File Sharing

Munich courts in file sharing U-turn

The days when the courts of Munich were seen as copyright-holder friendly, seemingly waving through file sharing claims without affording them proper judicial scrutiny, appear to be finally over.

Munich courts in file sharing case law U-turn © Benjamin-Duda-Fotolia

Munich courts in file sharing case law U-turn © Benjamin-Duda-Fotolia

File sharing claim

The county court in Munich appears to have taken a new direction on file sharing claims.

In a case concerning a defendant represented by WILDE BEUGER SOLMECKE, the court rejected the music label’s claim for breach of copyright (case ref.: 155 C 9298/13). The claimant was represented by lawyers at the law firm, Waldorf Frommer.

The claimant accused the defendant of committing copyright infringements by making copyright-protected material publicly available through file sharing software. The claimant demanded compensation calculated in accordance with the licence analogy method and legal costs.

The defendant’s partner and 17 year-old son (a minor) had independent access to the internet connection during the timeframe when the alleged copyright infringement was said to have taken place.

Presumption of guilt rebutted

The court held, in accordance with the case law of Germany’s Federal Court of Justice (Bundesgerichtshof), that the circumstances of the case alone were sufficient to rebut the presumption of guilt for the accused.

Based on the facts presented, there was a real possibility that the alleged copyright infringements had been conduct by someone other than the internet connection owner (namely his son or partner). The court ruled that the defendant was not under an obligation to present concrete evidence as to who was using the internet connection at the time of the supposed copyright infringements.

The court clarified that the fact that the defendant claimed to regularly check the computer for file sharing software, was however not sufficient to automatically absolve the partner or son from responsibility, as it is conceivable that the software had been deleted after the infringement, or was so well hidden that it could not be found.

No obligation to bring proof

On the question of the burden of proof the court turned to the case law of Munich’s Regional Court commenting that:

“Any dispute the claimant may have as to the access the connection owner’s family members had to internet is devoid of substance. The connection owner is not obliged to prove the truthfulness of his assertions that other persons had access to the internet connection.”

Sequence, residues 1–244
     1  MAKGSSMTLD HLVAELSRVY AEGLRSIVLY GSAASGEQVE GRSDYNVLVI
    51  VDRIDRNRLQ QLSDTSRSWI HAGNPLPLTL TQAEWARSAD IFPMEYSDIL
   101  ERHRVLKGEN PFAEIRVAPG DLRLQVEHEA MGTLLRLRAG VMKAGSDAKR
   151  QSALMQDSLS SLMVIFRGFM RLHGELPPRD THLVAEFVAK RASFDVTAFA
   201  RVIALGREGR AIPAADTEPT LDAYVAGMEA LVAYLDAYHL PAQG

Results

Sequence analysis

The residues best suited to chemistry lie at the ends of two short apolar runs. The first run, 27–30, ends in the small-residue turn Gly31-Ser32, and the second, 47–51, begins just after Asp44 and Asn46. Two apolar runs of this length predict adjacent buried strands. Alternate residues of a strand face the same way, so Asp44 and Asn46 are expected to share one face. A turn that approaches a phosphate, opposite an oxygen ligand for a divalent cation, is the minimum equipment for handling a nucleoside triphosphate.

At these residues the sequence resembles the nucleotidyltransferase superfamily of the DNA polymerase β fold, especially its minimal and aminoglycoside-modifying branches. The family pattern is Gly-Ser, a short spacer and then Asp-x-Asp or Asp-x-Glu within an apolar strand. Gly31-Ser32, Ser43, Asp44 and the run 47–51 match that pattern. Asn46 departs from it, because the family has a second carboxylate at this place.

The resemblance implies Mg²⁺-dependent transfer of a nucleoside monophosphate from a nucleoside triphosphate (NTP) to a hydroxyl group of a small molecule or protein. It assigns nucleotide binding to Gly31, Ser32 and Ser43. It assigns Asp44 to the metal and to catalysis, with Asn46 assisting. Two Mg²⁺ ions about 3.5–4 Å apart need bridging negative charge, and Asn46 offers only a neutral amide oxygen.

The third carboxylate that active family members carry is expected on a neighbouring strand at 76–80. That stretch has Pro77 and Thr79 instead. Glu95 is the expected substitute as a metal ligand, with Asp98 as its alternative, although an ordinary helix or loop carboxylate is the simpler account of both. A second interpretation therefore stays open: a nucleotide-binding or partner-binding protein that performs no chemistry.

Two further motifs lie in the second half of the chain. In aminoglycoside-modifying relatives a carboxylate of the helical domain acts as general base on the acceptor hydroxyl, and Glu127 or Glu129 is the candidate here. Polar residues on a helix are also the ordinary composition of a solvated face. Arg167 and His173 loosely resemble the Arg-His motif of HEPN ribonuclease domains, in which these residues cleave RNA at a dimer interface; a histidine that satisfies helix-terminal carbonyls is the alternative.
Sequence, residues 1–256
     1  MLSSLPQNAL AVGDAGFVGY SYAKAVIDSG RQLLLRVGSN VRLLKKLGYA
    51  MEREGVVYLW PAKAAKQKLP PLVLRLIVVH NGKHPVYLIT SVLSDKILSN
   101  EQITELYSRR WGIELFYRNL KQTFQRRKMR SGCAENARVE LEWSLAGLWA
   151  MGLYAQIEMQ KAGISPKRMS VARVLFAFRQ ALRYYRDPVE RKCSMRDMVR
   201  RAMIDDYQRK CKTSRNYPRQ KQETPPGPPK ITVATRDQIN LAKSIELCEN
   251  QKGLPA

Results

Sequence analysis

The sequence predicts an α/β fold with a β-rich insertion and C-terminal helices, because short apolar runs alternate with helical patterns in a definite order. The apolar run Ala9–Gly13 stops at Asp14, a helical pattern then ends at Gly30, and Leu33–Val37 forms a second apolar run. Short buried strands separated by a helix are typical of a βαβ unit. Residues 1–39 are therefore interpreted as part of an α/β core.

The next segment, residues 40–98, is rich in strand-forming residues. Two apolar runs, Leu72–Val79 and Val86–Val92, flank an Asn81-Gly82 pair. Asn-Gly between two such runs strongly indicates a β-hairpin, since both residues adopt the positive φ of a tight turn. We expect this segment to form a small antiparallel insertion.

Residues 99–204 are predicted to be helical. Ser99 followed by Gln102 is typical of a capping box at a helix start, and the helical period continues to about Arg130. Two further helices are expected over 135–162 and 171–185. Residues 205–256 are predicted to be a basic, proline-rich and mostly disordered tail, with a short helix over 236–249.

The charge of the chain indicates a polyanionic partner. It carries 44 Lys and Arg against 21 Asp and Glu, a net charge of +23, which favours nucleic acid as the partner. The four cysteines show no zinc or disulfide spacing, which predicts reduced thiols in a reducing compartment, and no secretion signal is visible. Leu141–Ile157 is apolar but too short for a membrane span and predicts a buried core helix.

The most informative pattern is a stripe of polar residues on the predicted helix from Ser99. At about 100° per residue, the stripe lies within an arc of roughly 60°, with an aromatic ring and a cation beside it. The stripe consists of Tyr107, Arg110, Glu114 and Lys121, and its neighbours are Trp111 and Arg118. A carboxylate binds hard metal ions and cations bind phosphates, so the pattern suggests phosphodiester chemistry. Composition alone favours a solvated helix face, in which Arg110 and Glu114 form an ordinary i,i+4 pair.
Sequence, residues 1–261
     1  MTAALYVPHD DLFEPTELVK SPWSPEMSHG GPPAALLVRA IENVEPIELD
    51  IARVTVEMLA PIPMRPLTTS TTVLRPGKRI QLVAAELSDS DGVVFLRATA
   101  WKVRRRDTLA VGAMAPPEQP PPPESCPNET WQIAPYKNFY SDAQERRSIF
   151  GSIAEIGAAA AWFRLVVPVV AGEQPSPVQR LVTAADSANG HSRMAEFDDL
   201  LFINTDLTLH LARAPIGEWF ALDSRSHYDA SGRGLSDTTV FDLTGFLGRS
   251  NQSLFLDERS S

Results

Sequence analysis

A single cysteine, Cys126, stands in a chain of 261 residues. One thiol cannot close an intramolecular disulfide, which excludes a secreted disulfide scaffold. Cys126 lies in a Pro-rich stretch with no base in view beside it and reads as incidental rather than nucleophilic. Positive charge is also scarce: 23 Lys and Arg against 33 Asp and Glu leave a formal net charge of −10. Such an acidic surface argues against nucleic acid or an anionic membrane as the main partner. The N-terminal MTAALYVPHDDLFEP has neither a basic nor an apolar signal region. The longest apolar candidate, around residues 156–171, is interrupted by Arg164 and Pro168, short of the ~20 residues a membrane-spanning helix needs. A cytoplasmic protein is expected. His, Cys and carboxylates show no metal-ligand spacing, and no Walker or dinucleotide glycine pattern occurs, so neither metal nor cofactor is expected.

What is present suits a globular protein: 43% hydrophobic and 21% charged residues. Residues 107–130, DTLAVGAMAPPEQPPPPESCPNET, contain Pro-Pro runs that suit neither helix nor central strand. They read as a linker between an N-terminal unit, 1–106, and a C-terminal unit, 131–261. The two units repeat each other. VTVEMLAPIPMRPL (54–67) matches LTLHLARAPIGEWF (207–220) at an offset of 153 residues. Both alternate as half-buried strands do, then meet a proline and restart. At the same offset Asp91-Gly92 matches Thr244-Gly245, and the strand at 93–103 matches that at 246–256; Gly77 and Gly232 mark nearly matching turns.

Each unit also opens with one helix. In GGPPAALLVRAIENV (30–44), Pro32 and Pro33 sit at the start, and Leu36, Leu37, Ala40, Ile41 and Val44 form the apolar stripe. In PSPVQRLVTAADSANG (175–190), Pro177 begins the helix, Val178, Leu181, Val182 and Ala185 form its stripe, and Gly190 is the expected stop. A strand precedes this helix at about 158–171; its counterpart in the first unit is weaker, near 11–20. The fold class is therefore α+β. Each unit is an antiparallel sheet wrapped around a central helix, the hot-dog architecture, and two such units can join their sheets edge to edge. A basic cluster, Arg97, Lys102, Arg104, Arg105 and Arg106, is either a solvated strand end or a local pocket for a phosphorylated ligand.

No strict liability in nuisance

Turning to the question of strict liability in nuisance, the court stated:

“Where there are no indications giving rise to cause for concern, the defendant is not under an obligation to monitor his partner’s computer use or to give her directions on avoiding file sharing.

“There is no need to determine whether the defendant gave directions to his child on using the internet. So long as the defendant’s partner continues to come into question as the perpetrator, one cannot be certain that the defendant’s breach of duty, which would have come about as a result of failing to give directions to his son, was a causal link to the disputed copyright infringements.”


With this judgment, the county court in Munich has accepted for the first time in a long time, WIDLE BEUGER SOLMECKE’s position on the burden of proof in file sharing cases.

It remains to be seen whether Waldorf Frommer will make good on their announced intention to appeal the judgment.

But for now, it justified hope remains that not only the courts in Munich but also other German courts will follow this U-turn and conduct proper judicial scrutiny of file sharing cases.

You can read the full judgment, in German, here.

You may also be interest in this essay on the burden of asserting facts and the burden of proof in file sharing cases here: Aufsatz MMR.

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Christian Solmecke is a partner at the law firm WILDE BEUGER SOLMECKE. He is the author of numerous legal publications in the area of internet and IT law. He is also an associate lecturer for social media law at the Cologne University of Applied Sciences.

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